by Jon Sanders
Director of the Center for Food, Power, and Life, Research Editor | John Locke Foundation
This week’s newsletter looks at a debate over the value of solar generation in Tennessee, which in part echoes and in part illuminates the discussion here.
The Tennessee Valley Authority (TVA) produced a study that found the premium it pays to solar producers is about 67 percent higher than solar’s actual value (about 12 cents per kilowatt vs. 7.2 cents/kw). As reported in the Chattanooga Times Free Press, TVA has already cut premiums it pays to small-scale solar producers in four successive years.
Astute readers will recall that, in North Carolina, Duke Energy this year requested to pay solar producers 15 percent less. They will also remember a big reason: falling prices for natural gas.
No doubt they would recall that traditional-fuel prices had fallen at a greater rate than the costs imposed upon Duke by the state’s renewable energy and energy efficiency portfolio standards (REPS) mandate had risen — so the net effect was a rate decrease owing to traditional energy sources in spite of higher renewable energy costs.
Of course they’ll remember how the very vocal renewable energy lobby reacted to that news. I refer to the ones who have mastered the art of telling legislators with a straight face that unsustainable, costly, unreliable, intermittent, inefficient renewable energy is actually cutting electricity costs and that people’s electricity bills are "Better Off With REPS."
They interrupted their solar-leads-to-lower-electricity-rates lobbying whoppers to object to lowering electricity rates, because it would harm solar. As the Charlotte Observer reported:
The N.C. Sustainable Energy Association, which promotes green energy, said lower rates "will make it more difficult for developers to finance clean energy projects."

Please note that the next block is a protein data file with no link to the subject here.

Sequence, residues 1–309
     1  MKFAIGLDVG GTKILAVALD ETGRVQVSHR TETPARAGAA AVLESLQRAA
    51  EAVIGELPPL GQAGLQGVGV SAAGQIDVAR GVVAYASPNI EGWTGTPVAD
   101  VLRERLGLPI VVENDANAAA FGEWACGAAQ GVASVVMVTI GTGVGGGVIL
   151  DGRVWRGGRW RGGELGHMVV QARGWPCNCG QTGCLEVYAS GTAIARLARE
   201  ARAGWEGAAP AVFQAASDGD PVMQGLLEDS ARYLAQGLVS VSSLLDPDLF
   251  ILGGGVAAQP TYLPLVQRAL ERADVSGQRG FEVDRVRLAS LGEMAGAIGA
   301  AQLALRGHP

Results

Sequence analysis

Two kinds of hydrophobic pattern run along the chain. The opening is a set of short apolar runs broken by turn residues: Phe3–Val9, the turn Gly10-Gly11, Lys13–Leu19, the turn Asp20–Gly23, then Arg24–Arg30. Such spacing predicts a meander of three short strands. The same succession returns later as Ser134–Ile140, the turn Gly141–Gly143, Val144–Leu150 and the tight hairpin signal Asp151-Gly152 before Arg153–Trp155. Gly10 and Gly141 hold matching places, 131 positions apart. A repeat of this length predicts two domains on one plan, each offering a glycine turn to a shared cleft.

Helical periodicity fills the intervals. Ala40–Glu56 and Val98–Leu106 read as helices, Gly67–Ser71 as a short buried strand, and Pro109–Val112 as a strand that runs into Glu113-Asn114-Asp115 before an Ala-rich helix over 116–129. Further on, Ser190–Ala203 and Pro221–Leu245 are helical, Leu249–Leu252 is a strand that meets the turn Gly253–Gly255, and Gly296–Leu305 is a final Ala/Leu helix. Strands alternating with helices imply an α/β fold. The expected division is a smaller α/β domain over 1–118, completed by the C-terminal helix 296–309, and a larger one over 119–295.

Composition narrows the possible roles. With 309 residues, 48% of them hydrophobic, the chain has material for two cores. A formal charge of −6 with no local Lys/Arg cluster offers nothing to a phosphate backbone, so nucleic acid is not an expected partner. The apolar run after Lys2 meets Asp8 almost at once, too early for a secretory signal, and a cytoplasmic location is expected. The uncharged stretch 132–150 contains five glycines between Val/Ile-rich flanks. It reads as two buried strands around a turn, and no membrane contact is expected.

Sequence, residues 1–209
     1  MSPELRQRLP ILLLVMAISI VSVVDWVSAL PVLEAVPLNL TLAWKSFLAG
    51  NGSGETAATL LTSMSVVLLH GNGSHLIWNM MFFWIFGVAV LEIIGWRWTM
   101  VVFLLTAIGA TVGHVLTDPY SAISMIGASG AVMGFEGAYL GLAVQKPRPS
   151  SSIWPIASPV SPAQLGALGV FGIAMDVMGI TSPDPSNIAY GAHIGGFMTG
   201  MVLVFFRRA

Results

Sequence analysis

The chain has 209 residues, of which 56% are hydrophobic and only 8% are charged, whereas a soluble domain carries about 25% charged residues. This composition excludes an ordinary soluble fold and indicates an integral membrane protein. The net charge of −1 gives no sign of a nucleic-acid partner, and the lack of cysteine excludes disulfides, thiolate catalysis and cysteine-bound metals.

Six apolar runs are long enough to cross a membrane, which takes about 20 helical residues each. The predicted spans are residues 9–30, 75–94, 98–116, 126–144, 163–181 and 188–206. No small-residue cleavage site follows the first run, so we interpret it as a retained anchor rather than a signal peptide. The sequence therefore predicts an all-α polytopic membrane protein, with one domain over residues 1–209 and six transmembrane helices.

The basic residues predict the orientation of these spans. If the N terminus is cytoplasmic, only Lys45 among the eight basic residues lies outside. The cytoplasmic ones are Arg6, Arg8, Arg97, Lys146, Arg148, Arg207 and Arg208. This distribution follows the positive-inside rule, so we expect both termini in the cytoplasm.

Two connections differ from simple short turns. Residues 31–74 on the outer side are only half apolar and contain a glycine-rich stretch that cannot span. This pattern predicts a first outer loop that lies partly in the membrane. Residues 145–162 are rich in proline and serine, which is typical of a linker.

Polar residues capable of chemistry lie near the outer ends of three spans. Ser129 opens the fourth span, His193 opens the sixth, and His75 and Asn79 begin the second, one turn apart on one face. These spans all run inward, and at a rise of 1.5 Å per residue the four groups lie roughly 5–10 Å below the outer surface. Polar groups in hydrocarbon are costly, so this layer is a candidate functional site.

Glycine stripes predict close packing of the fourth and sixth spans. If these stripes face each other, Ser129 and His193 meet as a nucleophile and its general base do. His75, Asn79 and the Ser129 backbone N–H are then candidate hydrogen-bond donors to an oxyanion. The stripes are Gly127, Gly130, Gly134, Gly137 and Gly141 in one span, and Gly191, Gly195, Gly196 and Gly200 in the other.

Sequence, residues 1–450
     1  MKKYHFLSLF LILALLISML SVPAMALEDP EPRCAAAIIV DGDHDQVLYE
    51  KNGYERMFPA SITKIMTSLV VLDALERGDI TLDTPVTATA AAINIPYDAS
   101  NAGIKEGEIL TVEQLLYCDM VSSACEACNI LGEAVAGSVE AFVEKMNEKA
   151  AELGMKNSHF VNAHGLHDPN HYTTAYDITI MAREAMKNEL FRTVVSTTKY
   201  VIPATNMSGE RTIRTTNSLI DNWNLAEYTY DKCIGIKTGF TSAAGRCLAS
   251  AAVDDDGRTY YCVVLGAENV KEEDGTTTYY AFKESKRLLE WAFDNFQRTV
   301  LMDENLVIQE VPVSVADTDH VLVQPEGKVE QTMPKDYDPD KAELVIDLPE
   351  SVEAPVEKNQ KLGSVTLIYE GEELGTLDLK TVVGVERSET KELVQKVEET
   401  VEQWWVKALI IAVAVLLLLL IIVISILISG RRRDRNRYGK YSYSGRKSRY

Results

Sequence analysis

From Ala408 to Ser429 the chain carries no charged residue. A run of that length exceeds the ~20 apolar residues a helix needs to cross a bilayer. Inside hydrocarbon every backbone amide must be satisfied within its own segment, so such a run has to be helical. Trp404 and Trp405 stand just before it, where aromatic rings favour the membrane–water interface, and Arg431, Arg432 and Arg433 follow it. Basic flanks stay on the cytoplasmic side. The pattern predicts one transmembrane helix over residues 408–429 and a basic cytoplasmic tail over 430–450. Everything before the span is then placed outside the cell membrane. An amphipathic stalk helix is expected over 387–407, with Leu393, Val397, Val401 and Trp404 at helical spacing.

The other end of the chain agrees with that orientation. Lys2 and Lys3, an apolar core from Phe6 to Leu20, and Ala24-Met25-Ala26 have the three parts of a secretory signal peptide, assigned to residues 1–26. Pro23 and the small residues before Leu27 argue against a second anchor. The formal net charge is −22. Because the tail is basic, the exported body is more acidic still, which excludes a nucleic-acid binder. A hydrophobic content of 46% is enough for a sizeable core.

Meanwhile, in Tennessee, environmentalists complained about the TVA report and desired a greater premium for solar, like Georgia’s (13 cents/kw, which would be about 180 percent of solar’s value per the TVA), or North Carolina’s "generous" tax incentives for solar installations — which the General Assembly wisely is allowing to sunset, years and years after it originally was slated to do so.
One whinged that the TVA’s top responsibilities were "economic development and environmental stewardship." That complaint — "TVA as a public power utility with a mandate for economic development and environmental stewardship should be a leader in renewable energy, not a laggard behind neighboring states like Georgia and North Carolina" — came from "Amanda Garcia, a staff attorney for the Southern Environmental Law Center."
Garcia is reported to have served on "one of the stakeholder groups that reviewed the study." A so-called stakeholder who thinks a public utility’s first duty isn’t least-cost, reliable electricity at the flip of a switch? How very, very North Carolina of her.
Actual stakeholders were in attendance at a public hearing, however, and they were allowed to speak, using clear words:
But during public hearings on renewable energy, industrial customers and some TVA distributors have urged TVA to pursue the least cost source of power to keep its electric rates as low and competitive as possible.
Captive ratepayers given no choice over who provides them electricity and for how much tend to favor least-cost, reliable electricity. Even if such a policy is an existential threat to renewable energy providers, that is plainly the standard North Carolina should adopt.
Or, better phrased, the standard of least-cost, reliable electricity is the standard to which North Carolina should return.
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